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Said Nursi symposium to tackle global challenges

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Solutions for contemporary Islamic global challenges are amongst a host of topics to be explored at a special symposium on the life of Bediuzamaan Said Nursi (ra) taking place in Cape Town this week. The Muslim Judicial Council (MJC) is hosting the event in partnership with the International Turkish organization Hayrat Foundation (est.1974). The theme of the Symposium is “Risale-i-Nur & The relevance of his teachings in the contemporary age.”

Members of the public can look forward to two programmes, the first on Thursday 25th February. This is a special programme aimed at youth and will take place after Maghrib at Masjid Khidma til Islam, Tarongo Rd, Rondebosch East.

On Saturday, 27 February 2016 a full day symposium is scheduled with an exciting line up of relevant topics. This takes place at Islamia Auditorium from 9am – 5pm and is also open to the public.

The MJC will also be a hosting an opening gala dinner on Friday night to launch the Bediuzzaman Said Nursi Symposium.

The symposium will aim to bring awareness of the life and contributions of Said Nursi and reflections on his book Risalat e Nur. Said Nursi is considered the foremost Islamic scholar in the last 100 years in Turkey and perhaps in the Islamic world.

Risale–i Nur Collection, a huge Quranic commentary of more than five thousand pages. A man of enormous influence in Middle Eastern politics and religion, he is credited with helping to inspire resurgence in the Islam faith through his writings and teachings.

In his rich, full life, Said Nursî witnessed and experienced much. As both an observer and participant during his eighty–four years, he lived through the decline of the Ottoman Empire, World War I and the emergence of the modern Turkish Republic.

An influential Islamic teacher and philosopher, he also endured religious oppression and suffered through prolonged periods of exile and imprisonment. He was resilient, however, and emerged as an important teacher and philosopher who inspired generations of students who embraced his writings. VOC

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  1. Re: Said Nursi is considered the foremost Islamic scholar in the last 100 years in Turkey and perhaps in the Islamic world.
    Of Ḥaḍramī origin, Shaykh Muḥammad Sa’īd Bā Buṣayl al-Ash’arī (d. 1912) taught in Makkah and defended Ṣūfī practices through his writing.
    Maulānā Aḥmed Raza Khan Barelvī al-Ḥanafī al-Qādirī (1856-1921) was a scholar and reformer in British-owned India. His encyclopaedic writings defend Ṣūfism and traditional Islām.
    The literary output of Nana Asma’u dan Fodio, a female Islamic scholar and Qādirīyyah mystic from 19th century northern Nigeria reflects a long tradition of Ṣūfīc participation by women in the Central Sudanic region.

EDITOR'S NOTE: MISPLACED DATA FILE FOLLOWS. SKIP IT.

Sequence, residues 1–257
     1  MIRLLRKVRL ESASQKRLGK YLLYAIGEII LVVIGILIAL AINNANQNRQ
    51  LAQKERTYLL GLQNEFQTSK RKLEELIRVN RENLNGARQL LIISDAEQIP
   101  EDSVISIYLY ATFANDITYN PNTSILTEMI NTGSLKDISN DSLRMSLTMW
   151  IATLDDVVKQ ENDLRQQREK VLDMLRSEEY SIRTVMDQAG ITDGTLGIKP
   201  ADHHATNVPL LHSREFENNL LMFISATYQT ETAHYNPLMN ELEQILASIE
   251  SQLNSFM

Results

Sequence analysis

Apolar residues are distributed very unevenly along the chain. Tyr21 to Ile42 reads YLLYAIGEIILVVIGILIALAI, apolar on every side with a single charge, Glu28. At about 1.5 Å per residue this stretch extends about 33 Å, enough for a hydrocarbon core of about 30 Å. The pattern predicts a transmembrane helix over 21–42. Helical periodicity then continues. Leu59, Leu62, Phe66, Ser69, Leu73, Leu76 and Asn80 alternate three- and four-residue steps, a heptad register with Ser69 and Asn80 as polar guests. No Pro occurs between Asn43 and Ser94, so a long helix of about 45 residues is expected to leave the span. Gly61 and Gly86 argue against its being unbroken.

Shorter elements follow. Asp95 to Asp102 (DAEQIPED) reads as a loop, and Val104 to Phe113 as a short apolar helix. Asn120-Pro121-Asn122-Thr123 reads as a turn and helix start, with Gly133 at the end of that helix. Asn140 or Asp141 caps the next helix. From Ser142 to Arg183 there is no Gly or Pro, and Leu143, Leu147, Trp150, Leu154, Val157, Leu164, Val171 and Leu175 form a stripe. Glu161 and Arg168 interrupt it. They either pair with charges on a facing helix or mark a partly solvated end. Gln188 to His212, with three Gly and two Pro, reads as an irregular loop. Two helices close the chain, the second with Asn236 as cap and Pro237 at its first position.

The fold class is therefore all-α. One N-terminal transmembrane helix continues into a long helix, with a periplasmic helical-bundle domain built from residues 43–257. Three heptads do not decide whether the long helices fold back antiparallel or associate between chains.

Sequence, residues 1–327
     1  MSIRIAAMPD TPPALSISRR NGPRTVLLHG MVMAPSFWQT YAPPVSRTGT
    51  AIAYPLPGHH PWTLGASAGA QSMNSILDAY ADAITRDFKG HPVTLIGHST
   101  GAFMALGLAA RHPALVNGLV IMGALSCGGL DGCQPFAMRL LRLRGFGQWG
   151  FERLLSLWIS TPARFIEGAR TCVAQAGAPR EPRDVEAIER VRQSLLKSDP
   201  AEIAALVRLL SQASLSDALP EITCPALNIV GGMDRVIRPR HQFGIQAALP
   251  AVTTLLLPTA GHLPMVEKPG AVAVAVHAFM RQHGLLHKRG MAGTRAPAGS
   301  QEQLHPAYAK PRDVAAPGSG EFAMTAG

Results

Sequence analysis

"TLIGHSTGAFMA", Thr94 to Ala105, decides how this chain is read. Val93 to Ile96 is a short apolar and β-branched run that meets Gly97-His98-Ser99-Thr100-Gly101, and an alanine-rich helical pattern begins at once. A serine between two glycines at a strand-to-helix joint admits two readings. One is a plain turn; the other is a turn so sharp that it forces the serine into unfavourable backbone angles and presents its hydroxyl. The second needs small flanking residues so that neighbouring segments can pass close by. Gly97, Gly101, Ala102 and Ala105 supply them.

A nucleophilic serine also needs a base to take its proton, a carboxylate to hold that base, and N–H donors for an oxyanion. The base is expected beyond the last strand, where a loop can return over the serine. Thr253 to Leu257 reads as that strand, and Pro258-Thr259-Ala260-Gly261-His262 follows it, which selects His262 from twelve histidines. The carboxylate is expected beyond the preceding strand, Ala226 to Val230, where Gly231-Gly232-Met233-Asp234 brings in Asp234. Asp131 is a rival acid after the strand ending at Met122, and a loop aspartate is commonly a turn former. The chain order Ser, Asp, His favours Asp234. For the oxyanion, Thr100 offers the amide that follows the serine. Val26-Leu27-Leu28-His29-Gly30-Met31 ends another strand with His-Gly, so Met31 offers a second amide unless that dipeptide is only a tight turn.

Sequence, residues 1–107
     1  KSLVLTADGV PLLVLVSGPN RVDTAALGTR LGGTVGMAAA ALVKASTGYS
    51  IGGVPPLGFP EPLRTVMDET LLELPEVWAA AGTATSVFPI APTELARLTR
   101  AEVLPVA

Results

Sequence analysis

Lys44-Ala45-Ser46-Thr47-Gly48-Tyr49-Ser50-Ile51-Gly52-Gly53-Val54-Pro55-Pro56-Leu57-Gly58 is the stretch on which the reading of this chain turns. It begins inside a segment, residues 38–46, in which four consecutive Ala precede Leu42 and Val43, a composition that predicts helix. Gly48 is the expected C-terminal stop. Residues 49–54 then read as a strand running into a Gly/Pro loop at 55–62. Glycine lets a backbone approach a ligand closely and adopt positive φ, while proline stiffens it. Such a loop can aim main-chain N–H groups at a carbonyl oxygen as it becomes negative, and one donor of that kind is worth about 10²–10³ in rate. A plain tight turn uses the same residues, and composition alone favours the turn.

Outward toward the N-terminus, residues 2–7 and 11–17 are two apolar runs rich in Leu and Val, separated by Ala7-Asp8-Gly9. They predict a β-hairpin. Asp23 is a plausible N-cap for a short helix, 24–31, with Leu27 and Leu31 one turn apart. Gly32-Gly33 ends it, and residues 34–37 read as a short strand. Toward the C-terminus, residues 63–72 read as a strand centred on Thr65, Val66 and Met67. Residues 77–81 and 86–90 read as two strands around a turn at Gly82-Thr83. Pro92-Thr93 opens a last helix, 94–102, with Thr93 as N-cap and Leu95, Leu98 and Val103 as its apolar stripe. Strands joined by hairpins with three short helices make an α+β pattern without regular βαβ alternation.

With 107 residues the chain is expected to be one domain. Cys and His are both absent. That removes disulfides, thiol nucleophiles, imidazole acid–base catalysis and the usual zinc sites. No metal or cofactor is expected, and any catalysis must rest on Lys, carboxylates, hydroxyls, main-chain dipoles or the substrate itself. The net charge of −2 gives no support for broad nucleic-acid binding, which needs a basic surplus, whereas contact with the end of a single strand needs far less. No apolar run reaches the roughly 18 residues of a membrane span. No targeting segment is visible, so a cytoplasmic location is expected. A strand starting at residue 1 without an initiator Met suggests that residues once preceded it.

Sayed Abū Bakr ibn ’Abd Al-Raḥmān ibn Shihāb al-Dīn al-’Alawī (d. 1923) wrote religious poetry.
    Work on the saints from Fez in north-eastern Morocco is the best known book by Sayed Muḥammad ibn Ja’far ibn Idrīs al-Kittānī (1858-1927).
    Shaykh ’Abd Al-Majīd al-Sharnūbī al-Azharī (d. 1929) wrote a commentary on the Dalā’il al-Khayrāt (the ‘Proofs of Good Deeds’).
    Writings by the Ṣūfī, Imām al-Qāḍī Yūsuf bin Ismā’īl bin Yūsuf al-Azharī al-Shāfi’ī al-Nabahānī (1849-1932), positively influenced the growth of taṣawwuf.
    Students from across the Muslim world took lessons from Shaykh ’Umar bin Abū Bakr Bā Junayd al-Shāfi’ī (d. 1935) in Makkah.
    A frequent visitor to the tombs of the saints in Lahore, the Indian-born philosopher and politician, Sir Muḥammad Iqbāl (1877-1938), explored Ṣūfī perceptions through his poetry and believed that Ṣūfism allows the searching soul a better view of life.
    Founder of the Muslim Brotherhood, Sheikh Ḥasan Aḥmad ’Abd Al-Raḥmān Muḥammad al-Bannā’ al-Shāfi’ī (1906-1949), was an Egyptian schoolteacher and religious leader. A Ṣūfī who attended weekly dhikr sessions, he admired the group structure approach of Islamic spirituality. The Muslim Brotherhood was a Pan-Islamic, religious, and social movement. Under the leadership of Sheikh Ḥasan al-Bannā’, it had, by the late 1930’s, more than 500,000 active members and as many sympathizers throughout the Arab world. Mobilization efforts by the Muslim Brotherhood helped make the Palestinian question a widespread Muslim concern. Sheikh Ḥasan al-Bannā’ wrote more than 2,000 articles and many books. He was assassinated by the Egyptian secret police.
    Shaykh Muḥammad ibn Aḥmad ibn al-Hāshimī ibn ’Abd Al-Raḥmān al-Tilimsānī (1881CE-1961CE) wrote on Ṣūfism and scholastic theology.
    Shaykh ’Abd Al-Ḥalīm Maḥmūd (1910-1978) was the Grand Imām of al-Azhar University, and lectured and wrote much on taṣawwuf.